Otago Witness , Putanga 2802, 27 Whiringa-ā-rangi 1907, Page 48
•■ !Us<«*n alia* nun, *lin4 uattaU* dlzlf— Jnuu, •■OmU iiun aa« cm« ran Bin wr j«l*.*-r*ra. An inordinately protracted session of Parliament has at length The Drop come to an. end, and the of the fugged and exhausted legi6- Pa'lianuntary lators have 6ought the wel- Cortain. oom« shelter of Home, Sweet Home. The Attorney-general has arrayed in formidable figures the actual work of the session: 77 public bills passed, and two reserved, four private bills and 31 local bills passed, a total of 114 measures in five months. It is a moot point, however, whether so statistical a statement carries with it anything like ac adequate idea of the real benefit conferred upon the Dominion ; even while recalling the fact that amongst the work of this arduous session must be reckoned the change of title which has come not only to the land in which we dwell, but also to those who are directly resporsible for the government of the country. For against the 114 measures placed upon an already swollen Statute Book, the time expended in discussing these measures has to be considered. Here is the total succinctly stated. Sittings : Days of meeting, 92; hours of sitting before midnight, 662 hours 25 minutes; hours of sitting after midnight, 108 hours 10 minutes; total, 770 hours 35 minutes; daily average, 8 hours 26 minutes. And this of course without reckoning the committee work and the thousand-and-one other forms of employment which fall to the lot of the industrious member. Remembering that the first two months of the session were practically wasted in that " beautiful talk," which, according to Carlyle, is "by no means the most pressing want of Parliament " ; and also remembering that the last two or three ■weeks of the session have been characterised by a most unseemly and undignified haste in dealing with a number of important measures which have n»w become the law of the land, it is evident that there is plenty of scope for a radical reform in the working of our Parliamentary machine. In the interests both of health and of business the after-midnight sittings should be absolutely done away with, and although Sir Joseph Ward has effected some slight improvement in this respect, the attempted reform needs to be carried further still. Probably, however, the average elector contemplating the time and energy expended by our legislators will be inclined to give them credit for having dono their best, under the circumstances ; whether the circumbtances themselves require drastic amendment is matter for future consideration. Parliament is certainly to be commended for having courageously Th» Tf«rk of faced «a number of policy the KeuUa. measures of the highest interest and of the gravest importance to the wellbeing of the community; but whether the new legislation will in actual working prove to be, as the Premier hopes, " useful and valuable to the citizens of the Dominion" remains to be proved. The new tariff, which has not yet come into full working, certainly provides for a considerable lvmi&fcion of taxation upon articles of everyday consumption, but beyond the benefit derivable from the abohtion of the sugar duty, it is doubtful whether tho consumer will be able to discern any appreciable lessening in the cost of living, while at the same time he is called upon to pay more for his boots and shoes. On the same lines, but embodying a most mischievous principle, is the Flour and Other Products Monopolies Prevention Bill, a measure which may or may not — probably the latter — be put into operation. But even this fails in its most vital point, since it leaves the bakers free to charge what price they like for the bread we cat, regardless of the cost of flour and wkeat. Nor can the Government be congratulated upon their change of front in connection, with their Land Policy, as represented in the three r»ew Land Bills which this session have placed upon the Statute Book. The authors of the original measure, framed at the instigation of the Socialistic and Single Tax 6ection of the Cabinet, must in sincerity confess to their inability to see in the trinity of new Land Bills but the slightest possible resSmbl&nc-& to their former foundling. There is, therefor, no reason to suppose that the land qnedtkro in the Dominion is permanently settled for the next de-cado ; the new legislation, of which so much has been said, con only be regarded as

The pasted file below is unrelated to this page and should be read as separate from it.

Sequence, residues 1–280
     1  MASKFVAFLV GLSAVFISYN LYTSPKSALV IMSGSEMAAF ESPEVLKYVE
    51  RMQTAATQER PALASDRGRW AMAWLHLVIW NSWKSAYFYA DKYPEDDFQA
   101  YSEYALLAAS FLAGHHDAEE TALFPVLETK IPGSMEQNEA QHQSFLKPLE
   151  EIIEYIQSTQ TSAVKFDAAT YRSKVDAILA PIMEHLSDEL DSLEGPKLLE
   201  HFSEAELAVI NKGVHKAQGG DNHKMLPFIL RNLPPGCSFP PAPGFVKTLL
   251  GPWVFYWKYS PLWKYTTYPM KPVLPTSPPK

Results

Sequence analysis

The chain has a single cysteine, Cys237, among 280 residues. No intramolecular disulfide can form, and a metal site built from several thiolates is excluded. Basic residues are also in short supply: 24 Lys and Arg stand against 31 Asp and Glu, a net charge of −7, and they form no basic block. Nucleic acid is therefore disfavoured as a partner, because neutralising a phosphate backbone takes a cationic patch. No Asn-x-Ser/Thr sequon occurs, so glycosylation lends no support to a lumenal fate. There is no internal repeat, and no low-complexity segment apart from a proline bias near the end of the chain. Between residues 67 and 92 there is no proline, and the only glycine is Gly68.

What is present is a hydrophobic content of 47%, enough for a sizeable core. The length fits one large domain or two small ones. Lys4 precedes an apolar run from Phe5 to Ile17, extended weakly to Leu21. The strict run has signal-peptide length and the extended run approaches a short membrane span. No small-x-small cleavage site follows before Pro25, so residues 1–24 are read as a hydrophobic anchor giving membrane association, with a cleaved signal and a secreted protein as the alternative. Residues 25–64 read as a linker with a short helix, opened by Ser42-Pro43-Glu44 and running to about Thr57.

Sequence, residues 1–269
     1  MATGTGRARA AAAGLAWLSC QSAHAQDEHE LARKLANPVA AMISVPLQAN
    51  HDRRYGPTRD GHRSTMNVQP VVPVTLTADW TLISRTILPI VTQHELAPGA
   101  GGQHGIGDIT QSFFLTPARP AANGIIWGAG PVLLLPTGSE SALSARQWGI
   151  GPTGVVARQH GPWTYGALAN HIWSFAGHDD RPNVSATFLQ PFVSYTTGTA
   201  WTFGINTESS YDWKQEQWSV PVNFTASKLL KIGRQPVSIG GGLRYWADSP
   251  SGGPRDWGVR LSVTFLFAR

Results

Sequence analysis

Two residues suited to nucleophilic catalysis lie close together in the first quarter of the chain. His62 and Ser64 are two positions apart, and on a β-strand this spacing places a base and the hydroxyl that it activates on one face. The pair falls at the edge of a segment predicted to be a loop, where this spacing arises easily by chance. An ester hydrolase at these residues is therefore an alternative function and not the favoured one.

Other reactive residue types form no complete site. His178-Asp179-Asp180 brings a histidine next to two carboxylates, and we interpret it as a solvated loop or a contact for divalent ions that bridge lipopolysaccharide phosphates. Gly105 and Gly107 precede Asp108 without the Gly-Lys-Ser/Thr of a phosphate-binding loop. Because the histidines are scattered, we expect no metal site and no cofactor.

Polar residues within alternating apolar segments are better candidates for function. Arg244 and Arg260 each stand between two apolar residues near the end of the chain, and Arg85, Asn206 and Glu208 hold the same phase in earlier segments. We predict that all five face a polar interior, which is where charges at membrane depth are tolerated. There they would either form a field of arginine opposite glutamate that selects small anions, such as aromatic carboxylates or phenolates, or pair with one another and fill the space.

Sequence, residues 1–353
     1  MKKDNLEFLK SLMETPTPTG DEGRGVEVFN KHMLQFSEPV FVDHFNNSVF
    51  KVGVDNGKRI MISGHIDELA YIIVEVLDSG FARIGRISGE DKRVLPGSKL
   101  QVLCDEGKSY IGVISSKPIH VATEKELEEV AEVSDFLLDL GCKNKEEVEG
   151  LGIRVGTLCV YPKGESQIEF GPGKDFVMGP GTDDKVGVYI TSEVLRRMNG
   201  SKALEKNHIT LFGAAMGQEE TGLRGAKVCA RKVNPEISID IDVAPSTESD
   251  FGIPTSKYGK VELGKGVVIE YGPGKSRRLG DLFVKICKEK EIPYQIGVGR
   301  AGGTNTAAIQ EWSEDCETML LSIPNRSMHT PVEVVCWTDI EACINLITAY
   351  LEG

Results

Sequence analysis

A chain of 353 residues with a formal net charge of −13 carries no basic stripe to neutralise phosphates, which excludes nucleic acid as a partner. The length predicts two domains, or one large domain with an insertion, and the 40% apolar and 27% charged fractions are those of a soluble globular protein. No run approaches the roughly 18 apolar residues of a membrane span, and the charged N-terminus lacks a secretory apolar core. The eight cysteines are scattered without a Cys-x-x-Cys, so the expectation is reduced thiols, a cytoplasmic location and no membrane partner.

temporary in its character and likely £tf be asaaikd and amended in the near future. Nor may the Government take to themselves much credit for the Native Land Settlement Bill, rushed through the House in the dying hours of the session amidst a chorus of protest from the men most closely affected, the Maori members and their constituents. The Gaming and Lotteries Bill, based largely upon similar measures recently enacted iv Victoria and New South Wales, represents an important movement in the direction of the suppression of gambling ; but there is no disguising the glaring inconsistency of a law which, while directly aim«d at. curtailing and minimising operations of the bookmaker, gives free scope to the most extensively patronised gambling machine of all, the totalisator, licensed by the Government for revenue-providing purposes. It is to be regretted, therefore, that a Government- which set out to, deal with three iueh all-embracing matters as the Fiscal question, the Land question, and the question of Gambling should rob be able, at tke close of a session of an unusually arduous nature, to look back upon having accomplished work of an enduring sort. The irony of much of the work of this and previous sessions lies in the fact that after torrents of talk have flowed and oceans of energy have been expended, the work that has been done will largely have tc be done, over again, and all for want of a system more in keeping with the conditions of the times. So long as the people are content with an archaic system of parliamentary , procedure so long will one Parliament proceed to amend and undo what a previous Parliament has laboriously accomplished.